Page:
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Bleacher Report – Vikings

After seven weeks, how does the Vikings’ offense stack up against NFL’s best?

By Matthew Coller

When the Minnesota Vikings signed quarterback Kirk Cousins, they hoped to be able to repeat — and possibly improve on — the success of the 2017 offense. Through seven weeks, they have some work to do in order to reach that goal.

Last season the Vikings finished 10th in points, eighth in percentage of drives ending in points, eighth in net yards per pass attempt, seventh in rushing yards, 12th in red zone touchdown percentage and No. 1 in third down percentage.

In the same categories this year, Minnesota’s offense sits ninth in points, 26th in percentage of drives ending in points, 16th in net yards per pass attempt, 25th in rushing yards, 19th in red zone touchdown percentage and 22nd in third down percentage

Considering that seven games is a small sample — and the Vikings’ offense was not one of the best in the league through seven weeks last year — there’s plenty of time to maximize the talents of quarterback Kirk Cousins and skills of his weapons. An improving offensive line and the return of Dalvin Cook would likely go a long way toward the Vikings producing points on a higher percentage of their drives.

The question is which numbers are likely to improve and which should be cause for concern?

Among the areas where the Vikings’ offense is likely to see their ranking improve is in the total rushing yards. Over the last two weeks — albeit against weaker opponents — the Vikings have produced multiple explosive runs. At the center of those — literally — has been center Pat Elflein, who missed the first three weeks of the season and then was forced to match up against Aaron Donald and Fletcher Cox on consecutive weeks.

In terms of yards per attempt, the Vikings’ run game is actually 0.1 yards per attempt higher than last year. The difference is that they ran effectively when playing from ahead in games. Minnesota had the second most run attempts in 2017. This year they are 23rd in attempts.

Head coach Mike Zimmer mentioned in his postgame comments that he would like to see more running on second down. They have run 56 times on second down this year, which ranks 14th in terms of total plays, but makes up only 36.1 percent of total second down plays. They are also 25th in yards per attempt on second down.

But those numbers could change if the Vikings’ defense continues to have success. Falling behind against Buffalo and getting into a shootout against the Rams likely skewed those stats from what they would normally be.

In terms of yards per pass attempt, it is clear that the offense relies on moving the ball with short passes and hitting on the occasional bomb. Kirk Cousins is fourth in the fewest air yards per attempt and has the NFL’s second lowest “Aggressiveness Percentage,” which is a NextGen stat tracking the amount of passing attempts a quarterback makes that are into tight coverage.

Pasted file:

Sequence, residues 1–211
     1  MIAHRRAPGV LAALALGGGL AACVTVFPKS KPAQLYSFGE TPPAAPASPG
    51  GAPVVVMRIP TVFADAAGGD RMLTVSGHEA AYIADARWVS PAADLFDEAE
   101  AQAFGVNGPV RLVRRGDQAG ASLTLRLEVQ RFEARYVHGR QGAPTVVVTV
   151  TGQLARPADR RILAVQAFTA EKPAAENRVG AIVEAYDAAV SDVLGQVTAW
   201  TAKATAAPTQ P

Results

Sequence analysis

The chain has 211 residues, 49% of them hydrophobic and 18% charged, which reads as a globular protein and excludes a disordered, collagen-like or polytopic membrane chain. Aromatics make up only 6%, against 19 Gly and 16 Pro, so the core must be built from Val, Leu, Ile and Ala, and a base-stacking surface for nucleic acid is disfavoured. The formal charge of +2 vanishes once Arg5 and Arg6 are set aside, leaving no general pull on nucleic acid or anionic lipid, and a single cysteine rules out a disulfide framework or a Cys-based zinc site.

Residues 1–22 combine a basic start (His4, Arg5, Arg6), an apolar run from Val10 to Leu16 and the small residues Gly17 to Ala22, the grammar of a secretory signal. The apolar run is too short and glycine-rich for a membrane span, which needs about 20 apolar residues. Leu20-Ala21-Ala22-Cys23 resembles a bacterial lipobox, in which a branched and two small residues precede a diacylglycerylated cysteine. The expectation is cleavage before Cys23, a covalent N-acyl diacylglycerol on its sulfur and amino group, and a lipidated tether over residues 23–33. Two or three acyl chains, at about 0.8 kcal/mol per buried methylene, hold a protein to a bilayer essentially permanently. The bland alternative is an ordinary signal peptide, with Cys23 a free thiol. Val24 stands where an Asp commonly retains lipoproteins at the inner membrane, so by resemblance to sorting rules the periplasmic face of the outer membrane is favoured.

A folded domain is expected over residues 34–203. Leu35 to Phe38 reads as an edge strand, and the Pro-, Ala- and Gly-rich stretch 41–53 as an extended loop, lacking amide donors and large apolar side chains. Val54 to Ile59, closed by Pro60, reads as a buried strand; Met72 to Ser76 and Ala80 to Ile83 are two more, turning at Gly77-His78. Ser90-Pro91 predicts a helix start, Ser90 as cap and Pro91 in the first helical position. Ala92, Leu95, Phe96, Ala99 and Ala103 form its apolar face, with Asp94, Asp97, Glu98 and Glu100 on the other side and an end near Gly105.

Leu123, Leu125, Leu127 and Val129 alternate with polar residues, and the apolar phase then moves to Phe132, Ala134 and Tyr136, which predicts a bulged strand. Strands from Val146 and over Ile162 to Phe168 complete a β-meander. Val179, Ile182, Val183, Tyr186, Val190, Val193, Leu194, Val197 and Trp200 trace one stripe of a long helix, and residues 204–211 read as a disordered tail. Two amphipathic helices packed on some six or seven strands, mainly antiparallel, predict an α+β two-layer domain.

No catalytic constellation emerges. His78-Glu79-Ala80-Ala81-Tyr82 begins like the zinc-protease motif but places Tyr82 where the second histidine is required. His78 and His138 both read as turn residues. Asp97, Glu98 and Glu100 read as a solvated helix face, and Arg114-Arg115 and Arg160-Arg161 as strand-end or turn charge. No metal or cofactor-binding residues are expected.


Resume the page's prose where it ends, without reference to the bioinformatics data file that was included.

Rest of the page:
If the Vikings’ pass protection continues to show positive signs as it (mostly) did over the past two weeks, Cousins may work the ball downfield at a higher rate and see a jump in yards per attempt going forward. But this week against a dangerous pair of defensive ends with New Orleans, it’s likely that the Vikings will have to continue to rely on quick passes and every-once-in-awhile deep shots.

The third down and red zone numbers are difficult to predict.

Last season the Vikings rarely found themselves in third-and-long whereas this season Cousins has the third most third-and-long attempts in the NFL. On those throws he has just an 80.2 quarterback rating and averages 5.4 yards per attempt. On third downs with less than six yards to go, he averages 6.8 YPA and has a 99.5 rating. It would appear third down success will be dictated by the team’s ability to create third-and-short.

Coming into this season, Cousins’ red zone play in the past was not overly impressive. His numbers are mid-pack with a 60.0 percent completion percentage, eight touchdown and zero turnovers. Success in the red zone may ultimately come down to the Vikings’ ability to pound the ball into the end zone with the run game. They clearly have not trusted the run in the red zone with 34 pass plays and just 14 runs inside the opponent’s 20.

Opponent quality always matters in conversations about numbers. The Vikings have matched up with a mixed bag of defenses so far. In order by week, opponents rank 30th, 15th, 16th, 4th, 6th, 24th and 17th in points allowed per game.

On the upcoming schedule, there will be some opportunities to put up points as they match up with the 27th, 23rd, 11th, 15th and 20th ranked defenses in points allowed per game over the next five weeks.

At the moment, we can conclude that the Vikings have been a very good offense at times, but have also gone through stretches where they were not one of the more effective teams in the league. The picture overall is still unclear with the offense still being a work in progress.

The post After seven weeks, how does the Vikings’ offense stack up against NFL’s best? appeared first on 1500 ESPN Twin Cities.

Source:: 1500 ESPN Sportswire

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